Listening to THAT Podcast

I finished the new Serial Productions podcast hosted by Susan Burton today, the five-part series The Retrievals (you can find it on New York Times or wherever you get your podcasts). 

I was on the fence about listening. It's a podcast about a collective trauma women experienced undergoing IVF at the Yale clinic when a nurse replaced the fentanyl for the egg retrieval procedure with saline, and what happens when women report pain and it's ignored. The premise was fascinating to me, but also... 5 hours of listening to IVF experiences. I'm in a pretty good place now, but would it be stupid to re-enter that world voluntarily? Especially knowing how immersive Serial tends to be? 

Well, I got hooked. But I sure made a lot of faces while listening and sometimes had to consciously take a break from it. It's a compelling story. I'm not sure if there's "spoilers" for such a thing, but just in case, you've been warned. 

First, it is horrific that these women experienced egg retrievals without pain control. I found that procedure painful afterwards every single time, but to experience the whole thing without any pain relief whatsoever? Horrific. Brutal. Unconscionable. 

What is hard to understand is that while the nurse responsible lost her job and was convicted, WHAT ABOUT THE CLINIC ITSELF? The DOCTORS who performed the procedures  while patients bucked and screamed and made it clear that they weren't under in any way, one, after another, after another?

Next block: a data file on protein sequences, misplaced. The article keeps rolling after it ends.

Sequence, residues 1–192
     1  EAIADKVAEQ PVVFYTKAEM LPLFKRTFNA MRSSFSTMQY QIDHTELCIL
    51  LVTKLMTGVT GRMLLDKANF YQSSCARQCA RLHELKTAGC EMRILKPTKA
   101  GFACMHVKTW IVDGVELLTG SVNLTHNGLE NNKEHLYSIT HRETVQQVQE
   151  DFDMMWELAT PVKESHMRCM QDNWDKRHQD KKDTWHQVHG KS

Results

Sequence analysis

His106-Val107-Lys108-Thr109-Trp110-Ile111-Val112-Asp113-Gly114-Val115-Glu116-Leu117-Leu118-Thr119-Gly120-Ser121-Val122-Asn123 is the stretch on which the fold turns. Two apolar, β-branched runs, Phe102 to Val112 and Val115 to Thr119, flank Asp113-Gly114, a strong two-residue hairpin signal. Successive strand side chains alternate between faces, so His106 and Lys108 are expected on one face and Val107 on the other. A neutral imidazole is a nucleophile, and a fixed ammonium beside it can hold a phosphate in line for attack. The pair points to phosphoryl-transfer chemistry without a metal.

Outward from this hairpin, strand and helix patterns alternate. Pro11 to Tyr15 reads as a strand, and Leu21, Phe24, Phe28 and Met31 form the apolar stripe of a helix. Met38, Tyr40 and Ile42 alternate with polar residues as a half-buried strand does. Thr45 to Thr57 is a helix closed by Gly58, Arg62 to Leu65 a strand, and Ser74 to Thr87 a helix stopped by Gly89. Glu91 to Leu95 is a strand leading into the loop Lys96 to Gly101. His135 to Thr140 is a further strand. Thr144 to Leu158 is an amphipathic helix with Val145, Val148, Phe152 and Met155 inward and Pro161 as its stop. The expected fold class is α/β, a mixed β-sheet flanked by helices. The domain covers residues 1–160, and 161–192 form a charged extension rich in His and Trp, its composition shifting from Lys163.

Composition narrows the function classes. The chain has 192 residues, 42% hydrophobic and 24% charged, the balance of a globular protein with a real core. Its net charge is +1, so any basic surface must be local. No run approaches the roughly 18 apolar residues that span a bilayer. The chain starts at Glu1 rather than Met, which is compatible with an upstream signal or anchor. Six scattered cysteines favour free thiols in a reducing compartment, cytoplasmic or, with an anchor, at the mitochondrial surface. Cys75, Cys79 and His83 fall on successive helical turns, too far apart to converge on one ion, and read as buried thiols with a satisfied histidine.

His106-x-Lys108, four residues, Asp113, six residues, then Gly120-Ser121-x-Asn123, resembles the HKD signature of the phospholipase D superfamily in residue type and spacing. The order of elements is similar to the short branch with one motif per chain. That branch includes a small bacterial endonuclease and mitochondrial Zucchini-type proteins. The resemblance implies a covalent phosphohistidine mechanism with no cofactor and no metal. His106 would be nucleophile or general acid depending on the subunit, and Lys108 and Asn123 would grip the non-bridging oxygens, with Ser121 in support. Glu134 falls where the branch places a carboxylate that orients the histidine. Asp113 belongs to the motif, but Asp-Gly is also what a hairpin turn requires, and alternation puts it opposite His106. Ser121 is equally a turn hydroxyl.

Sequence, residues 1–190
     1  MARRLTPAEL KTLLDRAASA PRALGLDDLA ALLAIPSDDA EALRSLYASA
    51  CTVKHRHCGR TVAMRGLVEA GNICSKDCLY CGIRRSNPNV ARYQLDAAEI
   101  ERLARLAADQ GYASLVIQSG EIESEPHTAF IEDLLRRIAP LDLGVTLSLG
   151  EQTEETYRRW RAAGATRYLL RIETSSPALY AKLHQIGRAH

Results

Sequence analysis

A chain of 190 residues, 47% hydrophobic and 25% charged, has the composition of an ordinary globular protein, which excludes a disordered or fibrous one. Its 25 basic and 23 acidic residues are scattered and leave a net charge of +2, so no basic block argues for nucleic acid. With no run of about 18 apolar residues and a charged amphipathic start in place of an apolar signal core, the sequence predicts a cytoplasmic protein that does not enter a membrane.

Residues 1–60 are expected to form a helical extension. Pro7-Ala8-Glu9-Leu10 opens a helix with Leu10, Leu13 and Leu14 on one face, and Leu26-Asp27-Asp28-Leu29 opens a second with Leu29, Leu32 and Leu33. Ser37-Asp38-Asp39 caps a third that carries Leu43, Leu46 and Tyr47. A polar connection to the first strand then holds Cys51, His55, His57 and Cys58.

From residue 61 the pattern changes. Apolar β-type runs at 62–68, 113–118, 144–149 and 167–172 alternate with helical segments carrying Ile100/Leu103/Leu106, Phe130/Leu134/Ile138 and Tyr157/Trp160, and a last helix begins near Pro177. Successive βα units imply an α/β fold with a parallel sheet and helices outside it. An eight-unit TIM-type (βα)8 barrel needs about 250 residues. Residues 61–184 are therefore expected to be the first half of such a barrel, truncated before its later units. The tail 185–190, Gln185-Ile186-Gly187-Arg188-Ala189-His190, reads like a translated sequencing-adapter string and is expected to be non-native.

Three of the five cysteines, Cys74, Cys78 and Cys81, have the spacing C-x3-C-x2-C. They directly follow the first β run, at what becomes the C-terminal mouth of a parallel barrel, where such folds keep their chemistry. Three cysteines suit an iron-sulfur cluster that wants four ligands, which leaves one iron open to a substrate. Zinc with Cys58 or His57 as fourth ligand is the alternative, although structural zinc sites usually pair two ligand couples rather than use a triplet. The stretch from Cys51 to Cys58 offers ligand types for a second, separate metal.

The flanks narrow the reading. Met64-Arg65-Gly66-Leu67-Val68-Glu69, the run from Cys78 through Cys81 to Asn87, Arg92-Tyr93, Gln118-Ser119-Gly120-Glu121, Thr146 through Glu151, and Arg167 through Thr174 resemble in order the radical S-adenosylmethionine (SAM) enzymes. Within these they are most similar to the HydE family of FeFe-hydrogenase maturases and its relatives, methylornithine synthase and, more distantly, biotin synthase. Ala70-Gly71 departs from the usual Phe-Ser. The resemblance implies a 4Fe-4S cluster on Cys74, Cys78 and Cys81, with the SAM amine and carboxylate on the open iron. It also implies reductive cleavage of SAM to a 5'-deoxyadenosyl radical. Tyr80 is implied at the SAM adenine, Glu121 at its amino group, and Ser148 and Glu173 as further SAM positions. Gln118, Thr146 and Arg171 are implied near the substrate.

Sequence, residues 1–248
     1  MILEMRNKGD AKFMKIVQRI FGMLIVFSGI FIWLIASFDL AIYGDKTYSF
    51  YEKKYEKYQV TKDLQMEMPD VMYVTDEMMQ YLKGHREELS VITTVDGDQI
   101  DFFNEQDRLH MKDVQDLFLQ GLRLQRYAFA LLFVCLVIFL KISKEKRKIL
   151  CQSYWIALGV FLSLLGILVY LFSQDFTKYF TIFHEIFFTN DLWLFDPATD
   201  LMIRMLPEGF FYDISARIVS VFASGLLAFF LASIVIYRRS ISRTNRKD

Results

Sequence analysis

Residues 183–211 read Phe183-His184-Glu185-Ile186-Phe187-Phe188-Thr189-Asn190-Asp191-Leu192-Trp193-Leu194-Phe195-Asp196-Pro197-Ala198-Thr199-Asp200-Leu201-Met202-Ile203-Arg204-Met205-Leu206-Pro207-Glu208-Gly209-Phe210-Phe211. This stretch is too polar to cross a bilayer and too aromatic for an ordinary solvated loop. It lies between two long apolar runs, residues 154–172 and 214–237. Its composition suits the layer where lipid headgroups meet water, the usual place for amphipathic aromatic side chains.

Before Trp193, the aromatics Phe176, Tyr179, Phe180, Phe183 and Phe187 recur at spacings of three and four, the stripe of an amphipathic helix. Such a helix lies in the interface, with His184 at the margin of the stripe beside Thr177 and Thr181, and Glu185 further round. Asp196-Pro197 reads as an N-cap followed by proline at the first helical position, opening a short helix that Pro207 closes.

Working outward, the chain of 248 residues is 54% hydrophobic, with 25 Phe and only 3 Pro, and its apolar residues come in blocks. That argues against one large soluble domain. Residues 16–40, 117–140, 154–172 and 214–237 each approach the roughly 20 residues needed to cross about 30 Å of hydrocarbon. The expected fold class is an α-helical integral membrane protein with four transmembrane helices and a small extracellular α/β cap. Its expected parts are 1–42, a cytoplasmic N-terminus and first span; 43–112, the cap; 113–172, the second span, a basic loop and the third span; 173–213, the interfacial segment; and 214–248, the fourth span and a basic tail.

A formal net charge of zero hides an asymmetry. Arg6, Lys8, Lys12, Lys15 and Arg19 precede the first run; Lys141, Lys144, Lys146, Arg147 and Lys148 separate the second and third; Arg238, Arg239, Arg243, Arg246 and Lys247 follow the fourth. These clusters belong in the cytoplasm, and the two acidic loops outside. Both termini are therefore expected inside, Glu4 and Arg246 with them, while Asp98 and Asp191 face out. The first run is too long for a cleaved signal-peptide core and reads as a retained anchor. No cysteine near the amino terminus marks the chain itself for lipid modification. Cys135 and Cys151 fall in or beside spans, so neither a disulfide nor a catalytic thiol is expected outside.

There was discussion about what's considered within the realm of "normal" for medical acknowledgement of pain. Particularly women's pain, which is often considered exaggerated by medical professionals.

For instance. When I was in my early 20s, my gynecologist did a laparoscopy to look for endometriosis because I had horrific pelvic pain and highly irregular and heavy periods. He didn't find any, and basically threw his hands up. He actually said to me, "well, some women just have pain." WHAT THE EFF IS THAT? This from a doctor who also explored the idea of PCOS, and when I embarrassedly said "no" when asked if I had excess body hair, GOT MAD AT ME when he observed that I shaved my belly button area. But he also didn't give me the PCOS diagnosis I finally got at 33 from the fertility clinic. 

I also had an experimental Integrin-3 receptivity test including an endometrial biopsy towards the end of my treatment journey. I came into the room and lay on the table, and the nurse said "You know what he's about to do to you, right?" NOT OMINOUS AT ALL. What it was was the equivalent of a vegetable peeler inserted through my cervix, that took an easily 5" ribbon of my uterine lining (which Bryce saw dropped and coiled into a clear container). I was not sedated at all. Not even a Valium. It was insanely painful, during and after. But I wanted it, I wanted answers that could lead to a successful pregnancy, and it was worth it to me (although I did say FOR THE LOVE OF ALL THAT'S HOLY, GIVE SOME KIND OF MEDS FIRST next time you do this). 

That was another point made by the podcast. That the stakes are so high, the desperation for the desired outcome so intense, that it's hard to not endure the pain. That when given the choice of continuing while unsedated, or losing eggs to ovulation and possibly losing the chance of an entire cycle of possibility, it's an impossible choice. One none of the women should have had to make. 

But, in talking about the desired outcome, the focus was largely on the women who were successful; who had pregnancies that ended in live birth. But there were questions about cycles that failed, or that resulted in miscarriage, or preterm birth. Was it in part because of the trauma? Because of the stress of the pain, and not being believed, and then PTSD? But, ultimately, most women interviewed had become mothers.